Coruscating look at the world of politics. If you’ve ever looked at the politicians in your country and wondered why they’re all so bad, this novel goes a long way to explaining it. The book is set in a Caribbean country as it gains independence (it seems like Guyana, but it’s never named). The main character, Jack Lalbahadursingh, grows up poor in the country before being taken to the city by a more well-to-do schoolteacher, Mr Farrington. When he grows up, he decides he wants to become a lawyer helping the poor. His aim in life is to “stamp out penury and injustice.”
He discovers, however, that many of the poor don’t want his help. They mistrust him for marrying someone of a different race, and prefer to save up their money for the big-name lawyers who fleece them. He still harbours the idealistic dreams of his youth, but is stuck in a provincial town achieving little.
An old friend offers him the chance to get into politics, something that will really help him achieve all the things he wants, to represent the poor and improve their lot. But something goes wrong – again, the poor don’t want to hear his prescriptions for them. He has no support.
Gradually over the course of the book he learns to say what people want to hear, not what he believes. He learns to play dirty tricks, to inflate the numbers of his followers, to write letters to the editor in multiple names either supporting him or attacking his enemies. He learns to evaluate people and situations according to political self-interest rather than principle.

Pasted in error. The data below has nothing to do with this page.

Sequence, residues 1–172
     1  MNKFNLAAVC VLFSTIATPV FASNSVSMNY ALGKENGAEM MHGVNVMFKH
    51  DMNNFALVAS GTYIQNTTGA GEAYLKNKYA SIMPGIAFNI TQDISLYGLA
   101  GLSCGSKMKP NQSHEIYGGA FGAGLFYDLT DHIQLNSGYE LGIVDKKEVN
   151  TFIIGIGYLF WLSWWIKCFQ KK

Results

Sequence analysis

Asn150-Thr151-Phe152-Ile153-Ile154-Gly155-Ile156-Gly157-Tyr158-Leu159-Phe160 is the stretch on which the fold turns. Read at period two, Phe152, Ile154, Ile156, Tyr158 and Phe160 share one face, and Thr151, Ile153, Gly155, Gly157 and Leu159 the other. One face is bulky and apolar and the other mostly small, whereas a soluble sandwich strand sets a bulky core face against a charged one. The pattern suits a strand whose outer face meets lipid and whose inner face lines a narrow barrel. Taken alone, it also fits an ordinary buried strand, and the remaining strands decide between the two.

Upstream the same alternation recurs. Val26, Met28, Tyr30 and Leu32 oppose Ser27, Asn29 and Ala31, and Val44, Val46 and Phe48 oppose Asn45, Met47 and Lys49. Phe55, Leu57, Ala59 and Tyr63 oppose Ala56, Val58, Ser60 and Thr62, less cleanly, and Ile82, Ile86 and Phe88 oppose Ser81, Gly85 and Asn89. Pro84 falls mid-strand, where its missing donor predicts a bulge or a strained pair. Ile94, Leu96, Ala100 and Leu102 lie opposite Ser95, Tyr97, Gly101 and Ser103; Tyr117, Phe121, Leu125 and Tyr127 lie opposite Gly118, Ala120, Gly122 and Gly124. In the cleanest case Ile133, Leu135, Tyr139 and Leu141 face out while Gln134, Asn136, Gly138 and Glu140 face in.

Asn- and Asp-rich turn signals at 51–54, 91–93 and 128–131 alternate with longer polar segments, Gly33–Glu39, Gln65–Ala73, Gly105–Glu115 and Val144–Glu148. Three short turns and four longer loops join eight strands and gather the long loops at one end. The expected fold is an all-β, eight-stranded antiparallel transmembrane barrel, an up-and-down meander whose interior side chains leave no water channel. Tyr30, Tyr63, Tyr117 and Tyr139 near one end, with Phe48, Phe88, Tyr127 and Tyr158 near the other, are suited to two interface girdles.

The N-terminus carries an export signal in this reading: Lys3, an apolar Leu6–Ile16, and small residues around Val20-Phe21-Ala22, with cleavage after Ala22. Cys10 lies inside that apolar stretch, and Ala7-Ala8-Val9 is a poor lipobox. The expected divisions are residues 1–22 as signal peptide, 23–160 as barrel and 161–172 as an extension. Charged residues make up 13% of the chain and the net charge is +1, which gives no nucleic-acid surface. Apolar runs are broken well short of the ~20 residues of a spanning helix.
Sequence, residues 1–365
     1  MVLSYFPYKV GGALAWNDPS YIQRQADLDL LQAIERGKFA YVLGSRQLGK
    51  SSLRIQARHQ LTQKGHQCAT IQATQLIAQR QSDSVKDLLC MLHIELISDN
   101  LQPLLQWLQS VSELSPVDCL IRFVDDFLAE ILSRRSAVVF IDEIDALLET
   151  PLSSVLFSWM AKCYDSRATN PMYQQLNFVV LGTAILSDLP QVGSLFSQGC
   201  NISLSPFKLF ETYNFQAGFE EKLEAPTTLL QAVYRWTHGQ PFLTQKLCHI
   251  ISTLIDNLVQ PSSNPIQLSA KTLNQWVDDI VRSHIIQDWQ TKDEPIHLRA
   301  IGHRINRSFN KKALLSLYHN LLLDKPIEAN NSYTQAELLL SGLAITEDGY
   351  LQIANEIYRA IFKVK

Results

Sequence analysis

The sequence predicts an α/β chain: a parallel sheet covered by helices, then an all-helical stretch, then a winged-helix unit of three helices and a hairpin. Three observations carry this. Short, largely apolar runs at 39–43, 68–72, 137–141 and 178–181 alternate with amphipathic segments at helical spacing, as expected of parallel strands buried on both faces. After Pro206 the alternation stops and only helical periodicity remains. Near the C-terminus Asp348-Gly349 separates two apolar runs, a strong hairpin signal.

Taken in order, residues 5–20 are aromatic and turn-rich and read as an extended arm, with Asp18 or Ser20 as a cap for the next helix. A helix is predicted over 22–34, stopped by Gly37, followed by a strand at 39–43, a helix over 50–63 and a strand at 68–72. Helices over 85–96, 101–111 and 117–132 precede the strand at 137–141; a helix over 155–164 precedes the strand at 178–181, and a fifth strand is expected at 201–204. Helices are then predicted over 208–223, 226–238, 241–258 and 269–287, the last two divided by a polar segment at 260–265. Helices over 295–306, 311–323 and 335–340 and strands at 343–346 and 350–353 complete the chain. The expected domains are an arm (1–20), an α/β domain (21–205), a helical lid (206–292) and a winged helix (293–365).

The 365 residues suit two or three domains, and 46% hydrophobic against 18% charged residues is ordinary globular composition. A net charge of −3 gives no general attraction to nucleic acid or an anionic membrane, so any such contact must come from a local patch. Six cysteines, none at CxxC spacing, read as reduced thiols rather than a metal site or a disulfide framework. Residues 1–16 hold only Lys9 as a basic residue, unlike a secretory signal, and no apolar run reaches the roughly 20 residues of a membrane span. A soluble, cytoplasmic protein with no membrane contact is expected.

Jack rationalises each step by saying it will help him achieve his goals – effectively, the end justifies the means (although he never puts it in those words). And yet it becomes clear that his goals are further away than ever. He is more and more successful and gains more and more power, but it’s based on so many lies that he can’t ever enact the changes he’d once dreamed of. He becomes a demagogue, preaching racial hatred, the exact opposite of what he believed in. It’s the most effective way of getting support.
He ends up as a kind of machine, existing purely for the acquisition of greater success and power. It’s a powerful lesson, and an enjoyable read. Sadly this book appears to be out of print and hard to find, but I’d recommend it if you can track it down anywhere.